David Larter honoured at Framlingham College

June 27, 2023

THE most famous cricketer to come out of Framlingham College has been honoured at a special ceremony.

David Larter, who went on to play for England between 1962 and 1965, was celebrated by a packed room full of former and current College pupils on Sunday.

Larter, who is now 83 and lives in Wales, was unable to attend, but

among those who did were many of his 1956 and 1957 1st XI team-mates and guests including Suffolk Cricket Ltd Chairman Nick Shrubshall.

Larter’s domestic and international career, both on the College grounds and further afield, was recounted before plans were unveiled to name part of the school’s famous The Back pitch as The David Larter End.

Born in 1940, Larter moved to Suffolk (the home of his RAF-serving father) from Scotland when he was four years old.

During his time at Framlingham College, Larter was known for his spectacular bowling. In his final year, at the age of 17, Larter took 52 wickets at an average of just 9.5 runs each.

In 1957, having left his school career behind him, Larter played for Suffolk in the Minor Counties Championship, taking 14 wickets in four matches at 20.35 runs apiece.

His exploits caught the eye of Northamptonshire, where he made his first-class debut in 1960.

Larter then went on to represent England in ten Tests and take part in two Ashes Tours between 1962 and 1965. His statistics over the six-year period of his first-class career were highly impressive, claiming 666 first-class wickets at an average of 19.53.

Unfortunately for Larter, during the Ashes tour of 1965-66 he incurred a severe ankle injury from which he never fully recovered.

Richard Sayer, a keen cricketer and former pupil and President of The Society of Old Framlinghamians, was so impressed with Larter’s career that he wrote a biography entitled David Larter: Bowling Fast, The Highs and Lows.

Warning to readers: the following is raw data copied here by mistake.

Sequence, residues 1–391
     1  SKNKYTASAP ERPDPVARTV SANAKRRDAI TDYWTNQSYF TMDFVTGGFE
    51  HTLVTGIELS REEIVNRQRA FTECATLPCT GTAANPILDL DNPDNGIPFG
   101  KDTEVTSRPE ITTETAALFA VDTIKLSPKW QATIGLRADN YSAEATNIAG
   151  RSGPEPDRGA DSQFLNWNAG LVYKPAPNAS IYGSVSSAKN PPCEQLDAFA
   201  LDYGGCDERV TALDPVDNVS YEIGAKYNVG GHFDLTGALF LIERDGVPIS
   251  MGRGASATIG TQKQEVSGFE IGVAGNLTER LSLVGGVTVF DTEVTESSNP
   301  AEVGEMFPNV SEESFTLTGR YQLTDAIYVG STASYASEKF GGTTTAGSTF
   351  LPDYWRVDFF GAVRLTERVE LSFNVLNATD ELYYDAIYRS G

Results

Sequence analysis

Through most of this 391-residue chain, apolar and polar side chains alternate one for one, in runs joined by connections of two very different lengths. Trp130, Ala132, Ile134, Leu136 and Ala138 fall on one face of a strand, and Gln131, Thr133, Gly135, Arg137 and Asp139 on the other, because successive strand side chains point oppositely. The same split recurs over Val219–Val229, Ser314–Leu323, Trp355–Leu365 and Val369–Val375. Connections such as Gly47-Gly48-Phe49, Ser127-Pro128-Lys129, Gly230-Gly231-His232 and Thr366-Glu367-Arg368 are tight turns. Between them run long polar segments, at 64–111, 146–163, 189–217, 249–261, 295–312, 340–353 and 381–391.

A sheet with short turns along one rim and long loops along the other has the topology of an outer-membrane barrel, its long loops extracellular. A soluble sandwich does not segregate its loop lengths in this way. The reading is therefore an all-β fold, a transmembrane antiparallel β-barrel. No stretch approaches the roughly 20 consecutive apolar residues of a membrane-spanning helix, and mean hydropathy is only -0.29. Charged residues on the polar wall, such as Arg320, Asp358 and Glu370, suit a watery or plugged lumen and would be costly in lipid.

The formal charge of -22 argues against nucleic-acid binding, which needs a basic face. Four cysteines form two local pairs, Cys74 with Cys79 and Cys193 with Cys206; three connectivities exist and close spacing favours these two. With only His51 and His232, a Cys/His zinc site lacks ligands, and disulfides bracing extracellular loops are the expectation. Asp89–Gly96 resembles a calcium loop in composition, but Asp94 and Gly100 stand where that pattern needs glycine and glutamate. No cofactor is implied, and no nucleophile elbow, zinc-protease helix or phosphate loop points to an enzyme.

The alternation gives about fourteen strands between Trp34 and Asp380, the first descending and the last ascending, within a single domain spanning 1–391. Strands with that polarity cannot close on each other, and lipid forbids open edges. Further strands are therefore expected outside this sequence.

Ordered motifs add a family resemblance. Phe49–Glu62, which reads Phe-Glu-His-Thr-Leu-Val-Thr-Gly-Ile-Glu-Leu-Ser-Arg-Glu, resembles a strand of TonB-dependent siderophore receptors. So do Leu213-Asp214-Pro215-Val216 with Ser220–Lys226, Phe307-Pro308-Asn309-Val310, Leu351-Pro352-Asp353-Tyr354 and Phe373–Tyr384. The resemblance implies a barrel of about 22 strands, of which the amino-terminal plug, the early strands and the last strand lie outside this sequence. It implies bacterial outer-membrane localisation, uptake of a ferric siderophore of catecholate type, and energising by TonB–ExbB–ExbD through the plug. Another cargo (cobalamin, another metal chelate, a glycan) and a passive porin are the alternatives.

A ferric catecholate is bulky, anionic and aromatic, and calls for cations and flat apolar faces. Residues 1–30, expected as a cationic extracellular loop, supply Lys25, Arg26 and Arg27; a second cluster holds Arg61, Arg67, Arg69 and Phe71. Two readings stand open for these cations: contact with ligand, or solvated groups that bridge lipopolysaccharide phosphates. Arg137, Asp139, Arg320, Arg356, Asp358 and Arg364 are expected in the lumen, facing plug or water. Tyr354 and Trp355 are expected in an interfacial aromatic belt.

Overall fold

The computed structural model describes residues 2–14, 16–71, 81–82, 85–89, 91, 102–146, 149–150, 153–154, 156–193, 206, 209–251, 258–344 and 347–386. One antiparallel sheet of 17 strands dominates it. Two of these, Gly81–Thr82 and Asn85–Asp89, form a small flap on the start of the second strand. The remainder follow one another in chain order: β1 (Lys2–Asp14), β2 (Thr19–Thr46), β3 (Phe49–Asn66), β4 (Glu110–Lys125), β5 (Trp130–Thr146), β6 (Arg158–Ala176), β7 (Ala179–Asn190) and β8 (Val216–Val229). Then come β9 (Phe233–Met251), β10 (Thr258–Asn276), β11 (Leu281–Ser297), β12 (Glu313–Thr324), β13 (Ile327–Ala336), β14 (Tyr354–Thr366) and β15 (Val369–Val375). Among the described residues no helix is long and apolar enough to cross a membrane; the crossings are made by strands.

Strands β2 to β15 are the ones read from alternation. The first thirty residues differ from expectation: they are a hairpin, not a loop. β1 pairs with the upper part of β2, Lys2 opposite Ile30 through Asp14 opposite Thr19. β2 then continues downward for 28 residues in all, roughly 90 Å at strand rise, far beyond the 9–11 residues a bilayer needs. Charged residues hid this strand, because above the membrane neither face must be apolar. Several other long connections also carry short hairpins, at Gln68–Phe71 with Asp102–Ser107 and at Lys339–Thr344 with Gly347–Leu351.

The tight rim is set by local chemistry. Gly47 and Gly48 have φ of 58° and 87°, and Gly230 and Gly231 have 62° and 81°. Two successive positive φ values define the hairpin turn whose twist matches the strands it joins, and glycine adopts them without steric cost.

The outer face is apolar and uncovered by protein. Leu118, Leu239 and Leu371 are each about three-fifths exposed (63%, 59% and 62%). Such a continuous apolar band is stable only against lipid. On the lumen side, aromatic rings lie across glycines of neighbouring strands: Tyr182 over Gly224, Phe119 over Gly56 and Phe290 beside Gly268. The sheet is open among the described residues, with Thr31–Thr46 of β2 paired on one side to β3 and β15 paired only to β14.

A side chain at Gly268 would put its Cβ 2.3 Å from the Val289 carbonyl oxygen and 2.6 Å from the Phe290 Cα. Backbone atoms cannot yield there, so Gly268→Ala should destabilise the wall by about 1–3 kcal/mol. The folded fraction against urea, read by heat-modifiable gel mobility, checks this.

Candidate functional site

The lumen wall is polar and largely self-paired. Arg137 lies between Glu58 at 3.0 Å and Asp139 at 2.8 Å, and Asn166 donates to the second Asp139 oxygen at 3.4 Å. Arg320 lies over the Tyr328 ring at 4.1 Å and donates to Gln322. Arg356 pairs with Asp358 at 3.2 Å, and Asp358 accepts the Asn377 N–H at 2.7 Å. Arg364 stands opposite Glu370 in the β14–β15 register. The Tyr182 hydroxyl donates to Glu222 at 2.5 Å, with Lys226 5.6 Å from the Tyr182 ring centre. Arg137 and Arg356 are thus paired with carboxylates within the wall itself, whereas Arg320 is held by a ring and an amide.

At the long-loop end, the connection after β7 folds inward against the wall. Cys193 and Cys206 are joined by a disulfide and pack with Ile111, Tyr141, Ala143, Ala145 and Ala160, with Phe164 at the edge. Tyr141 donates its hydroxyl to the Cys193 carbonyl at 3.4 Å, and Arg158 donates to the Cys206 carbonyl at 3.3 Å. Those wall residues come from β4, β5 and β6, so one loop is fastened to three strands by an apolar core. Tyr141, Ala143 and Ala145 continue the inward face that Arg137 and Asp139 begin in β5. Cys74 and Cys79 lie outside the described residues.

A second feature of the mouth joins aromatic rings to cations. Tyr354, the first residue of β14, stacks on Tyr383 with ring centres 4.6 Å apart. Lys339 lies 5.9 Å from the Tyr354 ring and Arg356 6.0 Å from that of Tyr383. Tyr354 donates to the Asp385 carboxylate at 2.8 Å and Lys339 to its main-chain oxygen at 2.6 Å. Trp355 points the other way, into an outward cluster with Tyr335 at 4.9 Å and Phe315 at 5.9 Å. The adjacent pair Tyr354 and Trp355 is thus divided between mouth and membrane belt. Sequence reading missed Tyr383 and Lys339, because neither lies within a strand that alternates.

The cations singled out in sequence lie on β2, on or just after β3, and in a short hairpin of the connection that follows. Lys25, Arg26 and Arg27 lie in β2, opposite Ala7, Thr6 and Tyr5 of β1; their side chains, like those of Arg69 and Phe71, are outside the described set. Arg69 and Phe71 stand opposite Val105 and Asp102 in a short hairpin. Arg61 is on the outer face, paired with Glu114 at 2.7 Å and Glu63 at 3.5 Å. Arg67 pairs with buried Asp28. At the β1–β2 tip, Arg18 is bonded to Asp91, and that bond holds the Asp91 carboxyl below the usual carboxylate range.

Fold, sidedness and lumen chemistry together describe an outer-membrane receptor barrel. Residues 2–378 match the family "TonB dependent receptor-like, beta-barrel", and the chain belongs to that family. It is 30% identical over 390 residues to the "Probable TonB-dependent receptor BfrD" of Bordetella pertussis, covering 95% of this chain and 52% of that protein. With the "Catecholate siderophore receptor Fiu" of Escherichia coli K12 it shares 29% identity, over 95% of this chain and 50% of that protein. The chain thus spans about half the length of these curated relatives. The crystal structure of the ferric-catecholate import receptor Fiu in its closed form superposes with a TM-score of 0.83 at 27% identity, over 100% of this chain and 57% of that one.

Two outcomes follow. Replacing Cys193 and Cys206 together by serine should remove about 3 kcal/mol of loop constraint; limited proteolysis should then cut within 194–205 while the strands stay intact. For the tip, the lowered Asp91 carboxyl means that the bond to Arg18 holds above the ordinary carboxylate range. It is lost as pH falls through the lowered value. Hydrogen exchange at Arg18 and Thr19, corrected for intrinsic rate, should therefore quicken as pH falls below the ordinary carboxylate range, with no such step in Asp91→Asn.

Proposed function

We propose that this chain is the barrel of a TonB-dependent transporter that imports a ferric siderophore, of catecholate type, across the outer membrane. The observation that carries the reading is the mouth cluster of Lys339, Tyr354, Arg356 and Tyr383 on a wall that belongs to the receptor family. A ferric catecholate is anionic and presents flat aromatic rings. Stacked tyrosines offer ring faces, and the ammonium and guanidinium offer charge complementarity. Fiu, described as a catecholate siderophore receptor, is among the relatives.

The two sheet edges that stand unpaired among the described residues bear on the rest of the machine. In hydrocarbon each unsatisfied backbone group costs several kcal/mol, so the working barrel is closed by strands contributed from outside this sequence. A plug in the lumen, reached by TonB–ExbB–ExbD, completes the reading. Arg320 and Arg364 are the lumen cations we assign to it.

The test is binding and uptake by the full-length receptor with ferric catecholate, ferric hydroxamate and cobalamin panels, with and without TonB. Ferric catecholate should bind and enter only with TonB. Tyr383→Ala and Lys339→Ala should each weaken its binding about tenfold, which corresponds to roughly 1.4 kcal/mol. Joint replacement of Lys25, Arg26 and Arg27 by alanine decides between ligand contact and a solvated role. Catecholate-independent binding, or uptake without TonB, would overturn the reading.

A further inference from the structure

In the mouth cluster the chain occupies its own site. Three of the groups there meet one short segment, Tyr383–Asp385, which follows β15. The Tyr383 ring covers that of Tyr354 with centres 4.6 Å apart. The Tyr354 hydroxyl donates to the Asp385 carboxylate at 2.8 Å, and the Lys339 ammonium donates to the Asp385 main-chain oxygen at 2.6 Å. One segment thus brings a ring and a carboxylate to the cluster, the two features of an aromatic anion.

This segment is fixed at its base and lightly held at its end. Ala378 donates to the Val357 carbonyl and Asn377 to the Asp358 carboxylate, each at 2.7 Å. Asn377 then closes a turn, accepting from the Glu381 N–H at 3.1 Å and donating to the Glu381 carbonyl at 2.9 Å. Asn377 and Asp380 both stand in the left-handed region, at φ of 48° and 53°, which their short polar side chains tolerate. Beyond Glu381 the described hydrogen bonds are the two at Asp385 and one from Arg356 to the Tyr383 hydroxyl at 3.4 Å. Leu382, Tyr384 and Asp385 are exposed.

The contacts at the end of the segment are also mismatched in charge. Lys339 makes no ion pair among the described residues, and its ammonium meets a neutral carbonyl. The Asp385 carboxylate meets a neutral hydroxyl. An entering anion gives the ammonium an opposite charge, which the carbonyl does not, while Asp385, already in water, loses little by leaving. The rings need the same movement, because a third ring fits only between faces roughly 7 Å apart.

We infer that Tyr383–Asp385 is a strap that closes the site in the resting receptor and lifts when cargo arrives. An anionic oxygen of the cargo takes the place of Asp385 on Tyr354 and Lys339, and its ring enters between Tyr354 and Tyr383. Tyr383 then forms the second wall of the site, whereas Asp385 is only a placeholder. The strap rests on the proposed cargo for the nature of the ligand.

Sayer (above left) is pictured with Andrew Wright (above right) who was vice-captain of Framlingham College in 1957 and a team-mater of David Larter.

Sayer said: “David was a good Suffolk boy, modest but exceptionally talented. His career, whilst short, was highly impressive and he is still the only Test cricketer Framlingham College has produced in 160 years.

“David now lives in Wales and sadly was not able to join the celebratory event at Framlingham College, but he is greatly touched by this day and the tributes everyone has paid to him.

“It is a great shame that following his injury David stopped cricket all together, and as a result he has never been in the public eye.

“My intention with the book and with this event is to showcase David for the talent that he was and to demonstrate that we did have a seriously good Suffolk cricketing star in our presence.

“He was a great credit to his education at the College, which I hope will inspire future pupils to reach the pinnacle of Test Cricket.”

Nick Gandy, Director of Sport at Framlingham College, echoed Sayer’s sentiments. He said: “It’s wonderful for our current pupils to have role models such as David to aspire to and evidence how OFs have turned their sporting aspirations into reality.

“It is very important to us as a school that we recognise achievements of Old Framlinghamians and we are exceptionally proud to be able to honour David and celebrate his cricketing career in this collective forum.”

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